The second law of thermodynamics says that the entropy of a closed system can only increase over time. What does this have to do with scales? I was musing about scales, thinking about this week’s #MUS654 topic as I walked along the sea and thought about this in bigger contexts. I thought about order and chaos in various aspects of life: how we experience many things as whole events, not individual components or moments.
Eating a cookie involves a synthesis of the components.
Walking is a cosmos of individual actions and motions.
Performing is about the musical experience and not the technical minutiae.
Then looking out, I saw the clouds. They reminded me of fractals. I know we tend toward entropy. Dust bunnies magically grow, stuff fills the space, and I can certainly believe that, but what about the incredible order that also exists. Fractals are an infinitely repeating pattern that happens within nature, and all around us – You can look at river systems and see them, or at the patterns in leaves and see them. No matter on what level of detail you look, then still happen with the same level of perfect repetition. There is a really fascinating application that lets you navigate through them here: http://www.fractal-explorer.com/
I wondered if somehow scales are like that. Is it our way of creating order? Is it about reason? Even though we do not want to see the individual details within a performance, it is often when there is a glorious level of detail and precision embedded within the music and the performance that it can then transcend its parts to be a whole. Or is ti just an acknowledgement of what IS. The harmonic series exists within nature, but our scales are only partly built on those. And what about the allowances for deviation, as with the piano and its equal temperament? For example, string players tend to tune a perfect fifth to align the harmonics perfectly, which is 702 cents whereas the piano’s fifth is 700 cents. Small differences, but they can add up if you are stacking fifths across octaves of instruments.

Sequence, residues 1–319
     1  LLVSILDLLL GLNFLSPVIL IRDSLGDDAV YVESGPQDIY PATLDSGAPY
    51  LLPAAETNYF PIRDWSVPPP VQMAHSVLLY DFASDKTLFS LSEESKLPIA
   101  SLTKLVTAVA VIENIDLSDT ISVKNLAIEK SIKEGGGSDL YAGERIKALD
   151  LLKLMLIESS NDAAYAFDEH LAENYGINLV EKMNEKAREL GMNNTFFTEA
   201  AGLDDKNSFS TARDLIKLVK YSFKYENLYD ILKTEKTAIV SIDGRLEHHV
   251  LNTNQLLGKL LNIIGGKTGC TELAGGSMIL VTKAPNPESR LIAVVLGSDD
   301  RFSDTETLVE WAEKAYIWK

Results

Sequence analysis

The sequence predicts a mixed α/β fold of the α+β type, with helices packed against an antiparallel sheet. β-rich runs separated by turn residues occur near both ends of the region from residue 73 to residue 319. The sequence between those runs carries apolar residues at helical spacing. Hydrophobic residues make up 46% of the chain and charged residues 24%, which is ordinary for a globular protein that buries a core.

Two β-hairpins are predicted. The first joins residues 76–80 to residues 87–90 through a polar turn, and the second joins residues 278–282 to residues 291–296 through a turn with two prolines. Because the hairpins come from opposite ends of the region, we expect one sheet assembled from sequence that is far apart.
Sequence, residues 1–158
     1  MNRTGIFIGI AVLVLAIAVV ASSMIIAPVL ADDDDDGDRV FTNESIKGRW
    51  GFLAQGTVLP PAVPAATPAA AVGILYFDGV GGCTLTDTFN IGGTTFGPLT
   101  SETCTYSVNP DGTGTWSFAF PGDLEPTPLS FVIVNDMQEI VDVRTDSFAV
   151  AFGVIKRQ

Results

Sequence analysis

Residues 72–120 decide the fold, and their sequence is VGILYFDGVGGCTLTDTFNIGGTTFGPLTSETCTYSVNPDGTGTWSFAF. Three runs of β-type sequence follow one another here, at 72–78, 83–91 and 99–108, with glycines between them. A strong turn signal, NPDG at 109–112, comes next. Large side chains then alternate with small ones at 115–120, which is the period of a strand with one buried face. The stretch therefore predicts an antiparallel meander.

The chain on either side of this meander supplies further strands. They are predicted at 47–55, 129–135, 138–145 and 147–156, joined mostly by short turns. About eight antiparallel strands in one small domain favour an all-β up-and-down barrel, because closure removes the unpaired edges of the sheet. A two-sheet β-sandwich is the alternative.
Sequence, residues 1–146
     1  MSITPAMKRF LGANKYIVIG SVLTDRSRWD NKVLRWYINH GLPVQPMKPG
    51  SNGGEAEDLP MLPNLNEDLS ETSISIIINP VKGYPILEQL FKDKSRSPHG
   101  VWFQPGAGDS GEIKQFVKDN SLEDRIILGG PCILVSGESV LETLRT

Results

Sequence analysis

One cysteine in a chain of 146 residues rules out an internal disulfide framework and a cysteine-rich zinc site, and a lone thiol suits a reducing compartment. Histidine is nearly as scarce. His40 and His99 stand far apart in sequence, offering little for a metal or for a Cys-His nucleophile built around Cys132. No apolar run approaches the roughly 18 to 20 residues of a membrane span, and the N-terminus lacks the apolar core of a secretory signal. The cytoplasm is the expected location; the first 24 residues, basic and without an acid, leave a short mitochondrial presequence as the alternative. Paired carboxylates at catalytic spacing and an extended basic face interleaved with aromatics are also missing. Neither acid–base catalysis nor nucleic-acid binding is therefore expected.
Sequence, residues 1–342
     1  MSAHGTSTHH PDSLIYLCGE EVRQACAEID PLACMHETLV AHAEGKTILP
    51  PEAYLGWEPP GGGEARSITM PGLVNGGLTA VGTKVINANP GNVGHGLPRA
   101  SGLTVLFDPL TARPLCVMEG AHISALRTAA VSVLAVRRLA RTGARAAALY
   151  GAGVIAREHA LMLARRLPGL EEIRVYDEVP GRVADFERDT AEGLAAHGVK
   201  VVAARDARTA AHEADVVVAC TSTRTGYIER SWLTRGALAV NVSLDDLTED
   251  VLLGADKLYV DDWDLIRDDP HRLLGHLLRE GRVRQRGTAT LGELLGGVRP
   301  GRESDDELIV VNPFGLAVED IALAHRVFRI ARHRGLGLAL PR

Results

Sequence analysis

Back to the fractals (Image CC BY-SA by Hairchaser)
My thinking and music was something that I had time for. I was going somewhere and had that mile of walking to think. I was in the right place for it. When I reflect on my early experiences of learning scales, I cannot say the same. They were something to be done for a test. In my case it was for the seating in orchestra at school. We had a list to prepare and would be tested on it. I don’t think I realised a wider purpose – not even a purpose like learning the geography of the instrument, and certainly not a purpose like learning the building blocks for conversation. I just don’t think I thought about them.
At higher levels I could synthesise the need to understand both geography and create a vocabulary. It makes me think. There must be a way to instil the skills both of understanding, facility, and application from an early stage. It requires a shift in perspective and a willingness to do a lot more playing off the page, where playing becomes musical conversation. Then new doors might open.
I’m going to do this in my own playing. Break scales down, and make sure I include more. (I was tempted to finish that sentence, but I think it is complete.) I am going to allow time to explore and know that it is more than just a pattern. Heck, nobody would have read this by consciously decoding of alphabetical repetition. (but it could be done) Reading, writing, performing: It’s all about the application to create levels of meaning – and that larger picture.